LSU ChE, Chemistry Professors Arges & Kumar Secure $500,000 Grant
LSU Chemical Engineering Professor Chris Arges and LSU Chemistry/Center for Computation & Technology Professor Revati Kumar were recently awarded a three-year, $500,000 grant for their project, “Understanding and Manipulating Counterion Condensation With Charged Polymer Electrolytes for Selective and Low-Resistant Membrane Separations.”
The project, which is funded by the Department of Energy’s Separations Science Program, will ultimately help realize the guiding principles for designing low-resistant membranes for ionic separations. These membranes are vital to the desalination, or removing salts and minerals from a target substance, of municipal and industrial water streams, in addition to removing nitrates, heavy metals, and charged pesticides and pharmaceuticals from ground water.
“Forty to 70 percent of operating and capital costs of chemical processes in a plant are related to separations,” Arges said. “There is a big incentive to lower the costs and energy associated with separations.”
Upon arriving at LSU in early 2016, Arges aimed to develop a project on investigating counterion condensation in membrane separators but concluded that he didn’t think these kinds of experiments could be done effectively in solid-state membranes. With the acknowledgment that working on such a project would be a complex and challenging task, Arges saw that working with someone with a different skill set, such as Kumar, would be beneficial.
“Her molecular simulations have the ability to peek inside the nano-confined charged domains to see how condensed and non-condensed ions transport,” Arges said. “This is a great example of two departments and colleges working together and complementing their unique skill sets.”
“I contribute toward the theory and simulation, while Chris handles the experimental side,” Kumar said.
The project investigates counterion condensation phenomena in model polymer systems and correlates it to bulk ionic charge transport and selectivity. Using the principles of directed self-assembly, the model systems are precisely defined at the molecular level and have long-range order and are free of structural defects. This is important because defects obfuscate correlations between ionic transport and counterion condensation.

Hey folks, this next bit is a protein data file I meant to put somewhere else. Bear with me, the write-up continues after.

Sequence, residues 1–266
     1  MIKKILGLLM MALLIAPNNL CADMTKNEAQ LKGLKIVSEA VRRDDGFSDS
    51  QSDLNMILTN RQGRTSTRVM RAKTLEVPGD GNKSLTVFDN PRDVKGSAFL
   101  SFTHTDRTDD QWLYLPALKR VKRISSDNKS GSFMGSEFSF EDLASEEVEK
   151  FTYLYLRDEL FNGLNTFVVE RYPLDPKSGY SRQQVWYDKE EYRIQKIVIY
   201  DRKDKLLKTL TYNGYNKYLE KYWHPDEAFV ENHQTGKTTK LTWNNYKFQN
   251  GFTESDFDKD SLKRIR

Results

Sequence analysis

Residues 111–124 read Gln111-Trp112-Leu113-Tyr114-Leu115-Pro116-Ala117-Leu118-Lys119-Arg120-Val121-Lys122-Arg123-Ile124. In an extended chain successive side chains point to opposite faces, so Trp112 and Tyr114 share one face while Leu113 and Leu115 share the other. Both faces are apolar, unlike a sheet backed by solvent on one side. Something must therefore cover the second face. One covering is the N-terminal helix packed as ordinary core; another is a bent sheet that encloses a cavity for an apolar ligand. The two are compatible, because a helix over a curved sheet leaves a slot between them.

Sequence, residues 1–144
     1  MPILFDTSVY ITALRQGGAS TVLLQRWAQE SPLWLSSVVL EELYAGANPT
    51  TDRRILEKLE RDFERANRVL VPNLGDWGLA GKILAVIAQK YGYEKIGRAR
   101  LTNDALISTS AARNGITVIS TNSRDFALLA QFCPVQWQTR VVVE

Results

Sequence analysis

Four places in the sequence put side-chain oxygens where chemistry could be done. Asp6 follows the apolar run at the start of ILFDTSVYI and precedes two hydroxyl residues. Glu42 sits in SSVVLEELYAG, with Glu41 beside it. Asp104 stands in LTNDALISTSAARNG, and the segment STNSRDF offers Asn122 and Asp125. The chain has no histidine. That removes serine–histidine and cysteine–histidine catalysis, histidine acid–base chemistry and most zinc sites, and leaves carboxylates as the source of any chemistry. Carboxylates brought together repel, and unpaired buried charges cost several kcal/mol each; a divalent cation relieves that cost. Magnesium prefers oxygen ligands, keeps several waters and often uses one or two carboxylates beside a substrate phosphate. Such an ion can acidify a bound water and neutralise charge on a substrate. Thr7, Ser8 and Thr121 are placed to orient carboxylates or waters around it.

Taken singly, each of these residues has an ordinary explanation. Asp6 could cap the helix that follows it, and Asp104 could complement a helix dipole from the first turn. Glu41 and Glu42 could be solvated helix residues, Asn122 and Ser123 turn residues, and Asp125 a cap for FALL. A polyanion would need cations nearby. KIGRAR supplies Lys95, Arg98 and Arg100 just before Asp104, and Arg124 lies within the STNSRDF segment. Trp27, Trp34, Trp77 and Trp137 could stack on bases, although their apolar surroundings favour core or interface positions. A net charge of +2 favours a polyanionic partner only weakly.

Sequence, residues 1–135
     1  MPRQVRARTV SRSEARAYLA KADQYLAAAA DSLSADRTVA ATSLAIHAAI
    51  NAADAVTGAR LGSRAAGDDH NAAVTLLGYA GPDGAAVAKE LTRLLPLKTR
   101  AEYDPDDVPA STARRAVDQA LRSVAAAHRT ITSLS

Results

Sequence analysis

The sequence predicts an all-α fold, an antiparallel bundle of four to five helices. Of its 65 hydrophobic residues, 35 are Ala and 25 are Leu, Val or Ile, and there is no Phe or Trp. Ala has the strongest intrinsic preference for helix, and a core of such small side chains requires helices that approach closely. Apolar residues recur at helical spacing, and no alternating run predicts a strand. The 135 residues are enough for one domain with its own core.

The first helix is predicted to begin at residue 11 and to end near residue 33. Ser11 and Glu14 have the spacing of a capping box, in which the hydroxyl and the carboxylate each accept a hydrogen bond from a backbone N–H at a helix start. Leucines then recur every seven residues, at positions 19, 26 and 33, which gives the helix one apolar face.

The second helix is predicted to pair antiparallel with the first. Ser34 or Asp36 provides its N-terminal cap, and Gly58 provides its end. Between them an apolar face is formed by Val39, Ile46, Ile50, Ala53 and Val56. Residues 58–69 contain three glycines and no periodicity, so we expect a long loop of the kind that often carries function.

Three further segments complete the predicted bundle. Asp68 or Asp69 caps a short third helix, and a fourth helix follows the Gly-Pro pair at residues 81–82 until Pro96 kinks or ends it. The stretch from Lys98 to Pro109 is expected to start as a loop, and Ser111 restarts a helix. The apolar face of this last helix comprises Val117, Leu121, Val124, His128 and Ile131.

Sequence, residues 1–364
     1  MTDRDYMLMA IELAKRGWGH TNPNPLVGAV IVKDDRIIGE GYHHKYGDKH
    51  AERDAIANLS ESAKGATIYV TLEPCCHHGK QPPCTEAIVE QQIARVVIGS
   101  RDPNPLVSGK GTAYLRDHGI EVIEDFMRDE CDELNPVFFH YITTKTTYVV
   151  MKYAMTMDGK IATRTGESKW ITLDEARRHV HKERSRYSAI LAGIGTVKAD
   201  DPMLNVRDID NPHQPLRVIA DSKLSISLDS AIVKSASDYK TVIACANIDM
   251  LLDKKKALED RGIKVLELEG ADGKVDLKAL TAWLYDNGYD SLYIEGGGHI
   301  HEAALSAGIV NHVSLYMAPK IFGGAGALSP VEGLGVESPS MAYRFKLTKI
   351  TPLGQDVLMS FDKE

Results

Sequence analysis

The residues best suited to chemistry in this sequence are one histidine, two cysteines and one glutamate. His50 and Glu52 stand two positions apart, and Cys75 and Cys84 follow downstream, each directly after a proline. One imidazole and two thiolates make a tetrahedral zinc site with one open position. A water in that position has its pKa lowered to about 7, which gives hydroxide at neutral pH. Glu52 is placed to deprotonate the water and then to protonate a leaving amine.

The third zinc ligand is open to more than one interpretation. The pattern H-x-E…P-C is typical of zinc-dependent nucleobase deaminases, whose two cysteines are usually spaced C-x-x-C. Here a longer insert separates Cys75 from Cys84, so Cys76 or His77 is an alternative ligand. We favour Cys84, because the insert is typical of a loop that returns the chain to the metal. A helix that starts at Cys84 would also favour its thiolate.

The central premise of the work is that condensed counterions in the membrane migrate slower under applied electric fields, and the condensed ions aid unwanted co-ion adsorption, which compromises the selectivity of the membrane.
“Directed self-assembly of block copolymers has been primarily targeted for making the next generation of faster computer chips in your phones and computers,” Arges said. “What we’re doing now is adopting these cutting-edge techniques to understand charge transport in electrochemical materials found in batteries, fuel cells, and electrochemical separation units.”
To make the project successful, Arges and Kumar will rely heavily on the unique research capabilities and infrastructure at LSU. These facilities include LSU’s Synchrotron Radiation Research Center in the Center for Advanced Microstructures and Devices (CAMD), where Small-Angle X-ray Scattering (SAXS) studies reveal the microstructure of the precisely defined model systems. Their project will also leverage LSU’s Supercomputer, SuperMike II, which is managed by LSU’s High-Performance Computing Center.
“Most universities cannot boast that they have both a synchrotron facility for sophisticated X-ray experiments studies, in addition to having extremely fast supercomputers,” Kumar said.
Arges and Kumar recently submitted a manuscript on their results and were surprised to learn the influence that water has on counterion condensation. These results not only provide future research directions that aim to relate the extent of water solvation to the degree of condensed counterions in nano-confined domains, but will also help them understand how water management in membranes impacts desalination rates.
Contact: Libby Haydel